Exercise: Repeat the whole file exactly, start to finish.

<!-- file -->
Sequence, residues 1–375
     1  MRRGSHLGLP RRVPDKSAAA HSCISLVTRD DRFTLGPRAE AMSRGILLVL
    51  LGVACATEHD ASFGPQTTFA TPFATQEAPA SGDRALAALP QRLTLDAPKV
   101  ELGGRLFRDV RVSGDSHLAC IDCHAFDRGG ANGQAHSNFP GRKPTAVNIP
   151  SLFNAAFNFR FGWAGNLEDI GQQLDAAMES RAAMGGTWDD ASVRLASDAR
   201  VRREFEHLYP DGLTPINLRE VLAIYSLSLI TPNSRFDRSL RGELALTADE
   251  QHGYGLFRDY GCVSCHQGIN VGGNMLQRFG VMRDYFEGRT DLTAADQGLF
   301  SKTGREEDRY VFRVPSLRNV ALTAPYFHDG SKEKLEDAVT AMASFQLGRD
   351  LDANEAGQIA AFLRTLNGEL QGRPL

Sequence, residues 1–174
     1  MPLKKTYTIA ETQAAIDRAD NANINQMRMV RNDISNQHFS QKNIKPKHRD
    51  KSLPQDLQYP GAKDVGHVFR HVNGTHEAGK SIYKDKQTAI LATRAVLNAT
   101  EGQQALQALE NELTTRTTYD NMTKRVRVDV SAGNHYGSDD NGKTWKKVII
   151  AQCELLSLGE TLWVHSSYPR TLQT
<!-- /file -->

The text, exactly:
Sequence, residues 1–375
     1  MRRGSHLGLP RRVPDKSAAA HSCISLVTRD DRFTLGPRAE AMSRGILLVL
    51  LGVACATEHD ASFGPQTTFA TPFATQEAPA SGDRALAALP QRLTLDAPKV
   101  ELGGRLFRDV RVSGDSHLAC IDCHAFDRGG ANGQAHSNFP GRKPTAVNIP
   151  SLFNAAFNFR FGWAGNLEDI GQQLDAAMES RAAMGGTWDD ASVRLASDAR
   201  VRREFEHLYP DGLTPINLRE VLAIYSLSLI TPNSRFDRSL RGELALTADE
   251  QHGYGLFRDY GCVSCHQGIN VGGNMLQRFG VMRDYFEGRT DLTAADQGLF
   301  SKTGREEDRY VFRVPSLRNV ALTAPYFHDG SKEKLEDAVT AMASFQLGRD
   351  LDANEAGQIA AFLRTLNGEL QGRPL

Sequence, residues 1–174
     1  MPLKKTYTIA ETQAAIDRAD NANINQMRMV RNDISNQHFS QKNIKPKHRD
    51  KSLPQDLQYP GAKDVGHVFR HVNGTHEAGK SIYKDKQTAI LATRAVLNAT
   101  EGQQALQALE NELTTRTTYD NMTKRVRVDV SAGNHYGSDD NGKTWKKVII
   151  AQCELLSLGE TLWVHSSYPR TLQT